Comparing Christmas in 2 very different homes

Happy New Year to you all, we hope you had a great Christmas break. Since we got back to work some of us here at Purr Towers have been looking at the results of a little experiment we set up over the break. At Christmas Hermione spent her time in an 18th century folly in North Yorkshire (DP) and I (Liz Stevens) spent it in my parents 70’s build house on the south coast (CC). We thought it might be interesting to take a look at how the 2 buildings behaved with all the family piling in and a roast dinner in the oven.



DP – The 18th century folly is a sprawling 2 story house with 6 bedrooms, single glazed, not insulated, 4 external doors, oil central heating, open fires and a large aga in the kitchen. 8 people stayed in the house over the Christmas period.






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CC – This is a 70’s build box shaped house with double glazing, cavity wall insulation, a very well insulated roof, 4 bedrooms, 2 external doors, a partly integrated garage and gas central heating. 4 people stayed here over night during the period and there were 9 people in the house during the day on Christmas day.





Cooking the Christmas dinner:

DP has an Aga which is constantly running at least at a low level where as CC has a conventional gas oven. The kitchen at DP is a large room with a dining table that seats 8 people, we can see that the cooking of the roast dinner doesn’t have much impact on the temperature in this room as the heat is dissipating and there is no clear time when the oven is working.

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CC has a conventional gas oven so you can clearly see when the oven is turned on (11am). The kitchen at CC doesn’t have any radiators which means it can get quite cold on a normal day but it was constantly warm with all of the cooking and people coming and going. You can also see the oven heating up the room on Christmas Eve while a ham is being roasted.

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Eating our Christmas dinner:

You might have already guessed that DP was rather colder than CC with one of the rooms hardly getting above 16 degrees over the period we monitored despite being heated by a radiator. It’s a very large room, which doesn’t get much daylight, with single glazed windows and a stone floor. This was actually the room where they had their Christmas dinner and the temperature peaked just below 17 degrees – ouch chilly.

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It makes a very interesting comparison to CC where our lunch time temperature was about 22 degrees and the temperature didn’t drop below 20 degrees for the whole period. You can see the difference when you have a well heated well insulated modern carpeted dining room.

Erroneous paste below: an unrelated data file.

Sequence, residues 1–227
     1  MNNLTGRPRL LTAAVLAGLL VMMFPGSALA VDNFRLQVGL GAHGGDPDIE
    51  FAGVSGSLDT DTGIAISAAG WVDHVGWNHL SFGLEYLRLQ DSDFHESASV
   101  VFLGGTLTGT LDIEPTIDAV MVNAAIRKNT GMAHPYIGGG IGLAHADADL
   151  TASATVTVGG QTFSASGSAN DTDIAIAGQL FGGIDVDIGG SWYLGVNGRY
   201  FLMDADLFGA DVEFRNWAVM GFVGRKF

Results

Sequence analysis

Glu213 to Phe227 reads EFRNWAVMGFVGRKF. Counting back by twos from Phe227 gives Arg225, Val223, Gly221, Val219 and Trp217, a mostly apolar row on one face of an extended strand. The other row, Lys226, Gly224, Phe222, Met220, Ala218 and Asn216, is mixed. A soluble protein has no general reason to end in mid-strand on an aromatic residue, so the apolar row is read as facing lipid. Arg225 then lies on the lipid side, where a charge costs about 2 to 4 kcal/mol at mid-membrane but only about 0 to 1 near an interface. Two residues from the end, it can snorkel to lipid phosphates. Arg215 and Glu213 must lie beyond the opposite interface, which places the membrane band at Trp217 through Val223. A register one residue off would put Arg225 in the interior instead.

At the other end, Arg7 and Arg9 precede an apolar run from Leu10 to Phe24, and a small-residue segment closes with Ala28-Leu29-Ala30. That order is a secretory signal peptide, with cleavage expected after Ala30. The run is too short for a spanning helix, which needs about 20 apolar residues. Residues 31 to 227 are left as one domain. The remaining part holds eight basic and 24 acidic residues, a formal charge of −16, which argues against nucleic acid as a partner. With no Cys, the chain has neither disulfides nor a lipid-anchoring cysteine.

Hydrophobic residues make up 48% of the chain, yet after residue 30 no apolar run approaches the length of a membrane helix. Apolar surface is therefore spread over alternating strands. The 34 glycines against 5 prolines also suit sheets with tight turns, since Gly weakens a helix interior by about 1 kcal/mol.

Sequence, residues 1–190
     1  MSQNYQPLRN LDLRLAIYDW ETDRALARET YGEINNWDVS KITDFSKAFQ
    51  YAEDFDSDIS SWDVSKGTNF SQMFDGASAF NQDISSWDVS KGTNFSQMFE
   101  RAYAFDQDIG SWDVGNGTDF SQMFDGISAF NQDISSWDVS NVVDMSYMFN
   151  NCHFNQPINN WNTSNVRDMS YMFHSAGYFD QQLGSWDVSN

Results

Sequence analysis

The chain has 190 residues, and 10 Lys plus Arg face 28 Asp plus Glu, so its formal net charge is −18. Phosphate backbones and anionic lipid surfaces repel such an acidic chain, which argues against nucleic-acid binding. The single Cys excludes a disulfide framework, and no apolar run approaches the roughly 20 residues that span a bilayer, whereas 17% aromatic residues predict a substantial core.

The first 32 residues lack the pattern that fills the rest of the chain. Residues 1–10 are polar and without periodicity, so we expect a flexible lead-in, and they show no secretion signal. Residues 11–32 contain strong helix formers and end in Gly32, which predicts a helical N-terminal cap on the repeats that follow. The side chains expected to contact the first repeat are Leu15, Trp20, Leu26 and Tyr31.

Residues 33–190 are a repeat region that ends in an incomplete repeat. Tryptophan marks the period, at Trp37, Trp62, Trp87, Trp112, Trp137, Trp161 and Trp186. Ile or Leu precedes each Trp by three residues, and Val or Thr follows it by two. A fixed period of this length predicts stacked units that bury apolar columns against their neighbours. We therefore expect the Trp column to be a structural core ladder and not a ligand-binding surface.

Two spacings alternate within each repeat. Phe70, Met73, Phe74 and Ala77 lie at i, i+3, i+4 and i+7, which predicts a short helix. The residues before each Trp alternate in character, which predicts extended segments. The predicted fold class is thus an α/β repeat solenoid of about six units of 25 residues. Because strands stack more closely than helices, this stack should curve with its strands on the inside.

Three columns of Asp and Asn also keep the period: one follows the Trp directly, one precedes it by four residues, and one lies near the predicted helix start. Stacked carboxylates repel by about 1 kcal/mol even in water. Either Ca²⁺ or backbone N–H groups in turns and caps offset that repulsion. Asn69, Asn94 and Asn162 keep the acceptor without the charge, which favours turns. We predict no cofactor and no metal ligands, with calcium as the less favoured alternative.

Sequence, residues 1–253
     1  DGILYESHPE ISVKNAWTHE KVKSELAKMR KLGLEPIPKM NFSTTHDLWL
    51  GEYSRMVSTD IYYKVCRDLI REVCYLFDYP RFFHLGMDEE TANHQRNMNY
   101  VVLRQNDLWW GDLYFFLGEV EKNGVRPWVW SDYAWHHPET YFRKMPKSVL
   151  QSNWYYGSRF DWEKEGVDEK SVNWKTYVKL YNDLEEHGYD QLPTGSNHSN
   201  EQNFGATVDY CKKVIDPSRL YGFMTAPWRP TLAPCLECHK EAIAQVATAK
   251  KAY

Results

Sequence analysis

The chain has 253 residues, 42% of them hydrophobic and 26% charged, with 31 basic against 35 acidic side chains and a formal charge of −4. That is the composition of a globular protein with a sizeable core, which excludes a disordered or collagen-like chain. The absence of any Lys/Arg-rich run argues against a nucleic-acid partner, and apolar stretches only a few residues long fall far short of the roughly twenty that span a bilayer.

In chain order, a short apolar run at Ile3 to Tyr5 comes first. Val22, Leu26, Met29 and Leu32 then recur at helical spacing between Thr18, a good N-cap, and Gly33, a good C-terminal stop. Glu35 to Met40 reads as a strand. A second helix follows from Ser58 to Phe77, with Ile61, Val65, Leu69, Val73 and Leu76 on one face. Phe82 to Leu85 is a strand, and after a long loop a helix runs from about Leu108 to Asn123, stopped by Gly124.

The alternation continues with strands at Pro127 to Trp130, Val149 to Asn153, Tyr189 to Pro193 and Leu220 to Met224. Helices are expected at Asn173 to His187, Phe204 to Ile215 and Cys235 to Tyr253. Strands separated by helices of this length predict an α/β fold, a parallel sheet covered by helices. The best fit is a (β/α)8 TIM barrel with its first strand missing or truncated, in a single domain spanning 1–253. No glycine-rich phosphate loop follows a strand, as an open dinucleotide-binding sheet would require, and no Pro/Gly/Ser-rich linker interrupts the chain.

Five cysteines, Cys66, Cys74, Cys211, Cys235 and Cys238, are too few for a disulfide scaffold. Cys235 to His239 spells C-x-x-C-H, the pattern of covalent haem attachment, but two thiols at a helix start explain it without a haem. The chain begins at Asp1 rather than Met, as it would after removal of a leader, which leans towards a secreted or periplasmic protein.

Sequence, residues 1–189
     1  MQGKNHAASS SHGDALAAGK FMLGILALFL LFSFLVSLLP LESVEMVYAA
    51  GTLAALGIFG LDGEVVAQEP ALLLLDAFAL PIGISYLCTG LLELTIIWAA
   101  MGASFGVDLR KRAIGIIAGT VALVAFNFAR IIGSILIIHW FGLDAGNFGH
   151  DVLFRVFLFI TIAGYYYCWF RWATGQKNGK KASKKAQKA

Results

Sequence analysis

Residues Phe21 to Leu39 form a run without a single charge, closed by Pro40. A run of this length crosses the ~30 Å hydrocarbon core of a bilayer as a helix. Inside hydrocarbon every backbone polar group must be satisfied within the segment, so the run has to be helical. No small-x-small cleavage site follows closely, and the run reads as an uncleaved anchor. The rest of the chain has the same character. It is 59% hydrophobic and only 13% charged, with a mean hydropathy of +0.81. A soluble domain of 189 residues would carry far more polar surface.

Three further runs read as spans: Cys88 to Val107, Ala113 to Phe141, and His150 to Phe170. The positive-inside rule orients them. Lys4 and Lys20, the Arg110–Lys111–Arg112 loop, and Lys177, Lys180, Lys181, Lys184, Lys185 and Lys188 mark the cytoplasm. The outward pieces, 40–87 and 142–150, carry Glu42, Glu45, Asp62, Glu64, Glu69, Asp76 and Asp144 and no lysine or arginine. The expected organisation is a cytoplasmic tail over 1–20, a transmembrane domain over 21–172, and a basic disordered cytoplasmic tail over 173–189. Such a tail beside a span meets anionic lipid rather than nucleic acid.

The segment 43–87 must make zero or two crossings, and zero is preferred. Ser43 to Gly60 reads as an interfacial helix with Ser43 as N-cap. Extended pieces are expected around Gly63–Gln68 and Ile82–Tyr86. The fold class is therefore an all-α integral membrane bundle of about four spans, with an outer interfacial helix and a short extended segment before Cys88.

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CC conclusions:

We looked to see what was going on with the temperature quite a bit over the Christmas period and there were a few things that surprised us about the findings. I found that I was only comfortable when the temperature was below 22 degrees, once the temperature climbed above this I felt like I was in a tropical jungle. Clearly other people didn’t always agree but it was interesting to know my threshold. We have always know that the downstairs bathroom (Kitten 29) was always rather cold but we didn’t really quite how bad it was and we had no idea that they temperature in the hall by the front door (Kitten 32) was so low. You can see from the Hotspotter view here that they spent rather a lot of the Christmas period below 18 degrees although it wasn’t surprising to see the kitchen (Kitten 13) above 25 degrees for 28% of the time.

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You can also see how the temperature changed from Saturday till Monday:



DP conclusions:

Well we already knew that it was going to be colder at DP over Christmas as it’s further north (so colder outside) and it’s an old building with a few poorly insulated slightly more modern extensions. I think we were all a little shocked at just how cold the dining room was but this room isn’t often used as there is a large dining room in the cosy kitchen not far from the Aga. It’s a big house and it’s going to take more heating than the average building even in warmer parts of the year. I think I for one might have been more comfortable with the temperatures at DP but it really does show us that comfort levels are very personal to everyone. The Hotspotter view below is very interesting and really shows you how cold the downstairs of DP was over Christmas, I’m sure there were lots of cosy Christmas jumpers being worn (I didn’t get to wear mine once at CC!). The dining room is Kitten 48 and the kitchen is Kitten 46 but I’m sure you could have guessed that.

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You can also see how the temperature changed from Saturday till Monday:


If you want to learn a little bit more about how you could use our system in your home, workshop, office or data centre please contact us via email on or call us 01223 967301

Baking with your own data – Import views

If you’re analysing the performance of your building and its HVAC systems you probably already have data from other sources – meter data, building management system data, occupancy data, for example.